Accessibility links

Watchdog

Calendar

Former Top Turkmen Security Official Dies In Prison

  • RFE/RL's Turkmen Service
Tirkish Tyrmyev

Tirkish Tyrmyev

The former deputy chief of Turkmenistan’s Committee for National Security (KNB), Tirkish Tyrmyev, has reportedly died in custody at the age of 66.

The former deputy chief of Turkmenistan’s Committee for National Security (KNB), Tirkish Tyrmyev, has reportedly died in custody at the age of 66.

An international human rights campaign called Prove They Are Alive issued a statement on January 16 saying that Tyrmyev's body had been delivered to his relatives on January 13.

The group's statement came three days after Tyrmyev's daughter wrote on Facebook that her father's body was handed to their relatives in Ashgabat.

There was no official confirmation of Tyrmyev's death.

Sources in Ashgabat confirmed to RFE/RL that Tyrmyev's body was delivered to relatives.

Tyrmyev was arrested in April 2002 and sentenced in May 2002 to 10 years in prison on charges of abusing his power. Other top security officers were arrested with him, including KNB chief Muhammed Nazarov.

In 2012, just days before he was due to be released, Tyrmyev was convicted of attacking a prison guard. His prison term was extended to 2019.

The European Court of Human Rights (ECHR) has ruled that a Russian law barring Americans from adopting Russian children led to human rights violations.

The European Court of Human Rights (ECHR) has ruled that a Russian law barring Americans from adopting Russian children led to human rights violations.

The ruling posted on the Strasbourg court's website on January 17 said that the legislation, which President Vladimir Putin signed in December 2012, resulted in breaches of articles of the European Convention on Human Rights that prohibit discrimination and guarantee the right to respect for family life.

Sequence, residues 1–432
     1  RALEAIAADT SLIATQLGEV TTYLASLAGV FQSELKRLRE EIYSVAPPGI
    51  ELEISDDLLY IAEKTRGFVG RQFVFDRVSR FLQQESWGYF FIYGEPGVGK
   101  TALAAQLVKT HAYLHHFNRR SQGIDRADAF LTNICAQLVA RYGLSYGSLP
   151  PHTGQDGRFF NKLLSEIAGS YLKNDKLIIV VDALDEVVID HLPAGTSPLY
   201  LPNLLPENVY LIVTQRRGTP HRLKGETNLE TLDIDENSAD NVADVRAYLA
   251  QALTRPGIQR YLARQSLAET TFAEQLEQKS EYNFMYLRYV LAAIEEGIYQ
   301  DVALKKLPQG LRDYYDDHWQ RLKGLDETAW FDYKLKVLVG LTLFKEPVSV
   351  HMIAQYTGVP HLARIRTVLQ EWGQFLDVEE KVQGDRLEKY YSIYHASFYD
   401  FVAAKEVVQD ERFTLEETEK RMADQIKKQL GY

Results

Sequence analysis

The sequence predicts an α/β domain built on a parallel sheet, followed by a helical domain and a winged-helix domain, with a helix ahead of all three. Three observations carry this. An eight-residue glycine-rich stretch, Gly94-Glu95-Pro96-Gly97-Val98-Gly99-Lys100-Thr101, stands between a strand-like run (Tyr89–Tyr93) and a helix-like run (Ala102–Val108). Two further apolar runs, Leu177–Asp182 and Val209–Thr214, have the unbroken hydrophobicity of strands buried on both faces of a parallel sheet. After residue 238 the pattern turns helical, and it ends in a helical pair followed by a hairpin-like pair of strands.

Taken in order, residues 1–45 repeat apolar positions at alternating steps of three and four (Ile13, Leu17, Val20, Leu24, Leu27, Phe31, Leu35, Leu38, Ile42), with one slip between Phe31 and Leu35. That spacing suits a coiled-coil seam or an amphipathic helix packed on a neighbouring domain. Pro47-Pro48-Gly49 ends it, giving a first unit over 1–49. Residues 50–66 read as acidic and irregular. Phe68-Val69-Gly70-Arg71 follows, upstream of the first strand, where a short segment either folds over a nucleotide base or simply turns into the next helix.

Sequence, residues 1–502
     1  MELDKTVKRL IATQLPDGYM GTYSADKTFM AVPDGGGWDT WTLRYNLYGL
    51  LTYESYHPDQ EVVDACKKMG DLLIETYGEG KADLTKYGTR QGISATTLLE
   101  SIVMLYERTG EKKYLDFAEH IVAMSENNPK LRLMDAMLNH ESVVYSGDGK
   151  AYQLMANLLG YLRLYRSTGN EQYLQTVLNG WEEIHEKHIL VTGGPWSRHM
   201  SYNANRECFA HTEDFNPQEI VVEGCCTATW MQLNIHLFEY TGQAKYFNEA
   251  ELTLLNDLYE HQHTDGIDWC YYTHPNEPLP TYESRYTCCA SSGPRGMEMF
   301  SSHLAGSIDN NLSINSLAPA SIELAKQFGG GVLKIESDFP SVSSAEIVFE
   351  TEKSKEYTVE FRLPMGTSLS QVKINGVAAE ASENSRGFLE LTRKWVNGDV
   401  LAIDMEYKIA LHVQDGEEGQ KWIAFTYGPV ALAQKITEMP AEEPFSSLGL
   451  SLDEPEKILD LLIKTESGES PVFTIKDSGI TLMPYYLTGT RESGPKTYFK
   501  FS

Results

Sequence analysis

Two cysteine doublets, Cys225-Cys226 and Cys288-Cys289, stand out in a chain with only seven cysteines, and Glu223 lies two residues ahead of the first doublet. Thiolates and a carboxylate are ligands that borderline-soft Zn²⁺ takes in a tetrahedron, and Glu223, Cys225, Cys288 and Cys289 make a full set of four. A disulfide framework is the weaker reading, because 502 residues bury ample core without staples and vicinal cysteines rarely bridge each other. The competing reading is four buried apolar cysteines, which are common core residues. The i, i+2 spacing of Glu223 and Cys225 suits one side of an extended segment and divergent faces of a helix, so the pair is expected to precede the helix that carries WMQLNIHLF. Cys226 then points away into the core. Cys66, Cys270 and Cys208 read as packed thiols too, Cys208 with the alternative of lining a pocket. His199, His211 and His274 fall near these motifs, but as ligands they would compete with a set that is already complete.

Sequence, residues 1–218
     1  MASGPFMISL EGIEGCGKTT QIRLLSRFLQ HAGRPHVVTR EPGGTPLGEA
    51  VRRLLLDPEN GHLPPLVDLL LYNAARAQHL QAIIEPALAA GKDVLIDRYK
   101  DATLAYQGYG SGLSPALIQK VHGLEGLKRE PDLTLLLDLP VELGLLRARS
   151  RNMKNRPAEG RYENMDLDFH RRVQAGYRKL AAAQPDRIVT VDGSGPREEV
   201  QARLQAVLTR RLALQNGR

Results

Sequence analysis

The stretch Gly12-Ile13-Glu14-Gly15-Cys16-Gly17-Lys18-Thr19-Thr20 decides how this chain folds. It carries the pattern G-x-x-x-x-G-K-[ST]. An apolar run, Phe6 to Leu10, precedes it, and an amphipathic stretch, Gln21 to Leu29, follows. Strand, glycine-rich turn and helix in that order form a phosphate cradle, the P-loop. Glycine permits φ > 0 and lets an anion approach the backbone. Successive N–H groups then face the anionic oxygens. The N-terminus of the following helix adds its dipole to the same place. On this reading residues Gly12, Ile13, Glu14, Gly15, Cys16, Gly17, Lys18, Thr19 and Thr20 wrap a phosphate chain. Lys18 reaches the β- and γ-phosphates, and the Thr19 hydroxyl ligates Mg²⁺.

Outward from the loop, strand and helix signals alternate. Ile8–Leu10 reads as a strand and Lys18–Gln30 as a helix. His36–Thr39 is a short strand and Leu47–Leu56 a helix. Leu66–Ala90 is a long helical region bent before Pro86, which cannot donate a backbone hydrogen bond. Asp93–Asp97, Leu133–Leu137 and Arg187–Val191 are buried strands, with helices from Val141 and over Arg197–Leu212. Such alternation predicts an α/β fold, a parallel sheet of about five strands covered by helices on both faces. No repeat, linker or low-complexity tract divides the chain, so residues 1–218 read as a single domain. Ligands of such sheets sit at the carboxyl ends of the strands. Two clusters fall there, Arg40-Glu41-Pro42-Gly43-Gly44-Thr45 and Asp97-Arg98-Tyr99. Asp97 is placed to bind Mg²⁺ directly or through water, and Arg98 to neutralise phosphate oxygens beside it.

The court found that the ban illegally discriminated against prospective American parents of Russian-born children because it prevented their adoption "purely on the basis of the prospective parents' nationality," the ECHR said in a statement.

It also said the ban was "disproportionate to the [Russian] government's stated aims, given that it had been retroactive, indiscriminate, and was applied irrespective of the status of proceedings or the individual circumstances."

The complaint was filed by 45 U.S. citizens on behalf of themselves and the 27 Russian children they were in the final stages of adopting when the law took effect. The prospective parents said that "a bond had already formed between the adults and children" and that the ban "violated their right to family life," the court said.

The ECHR obliged Russia to pay the prospective parents a combined sum of 75,000 euros ($80,000) in compensation and 13,600 euros ($14,400) for expenses.

Russia plans to appeal the ruling, Moscow's representative to the court, Deputy Justice Minister Georgy Matyushkin, told Ekho Moskvy radio.

Putin signed the so-called Dima Yakovlev Law in retaliation to a U.S. law imposing asset freezes and travel bans on Russians accused by the United States of human rights abuses, including those believed involved in the death of whistle-blower Sergei Magnitsky in a Moscow jail in 2009.

It contributed to a deterioration of Russian-U.S. ties that began around the time Putin revealed plans to return to the Kremlin in 2012 and accelerated after Russia seized Crimea from Ukraine in March 2014.

Load more

About This Blog

"Watchdog" is a blog with a singular mission -- to monitor the latest developments concerning human rights, civil society, and press freedom. We'll pay particular attention to reports concerning countries in RFE/RL's broadcast region.

Subscribe

Journalists In Trouble

RFE/RL journalists take risks, face threats, and make sacrifices every day in an effort to gather the news. Our "Journalists In Trouble" page recognizes their courage and conviction, and documents the high price that many have paid simply for doing their jobs. More

XS
SM
MD
LG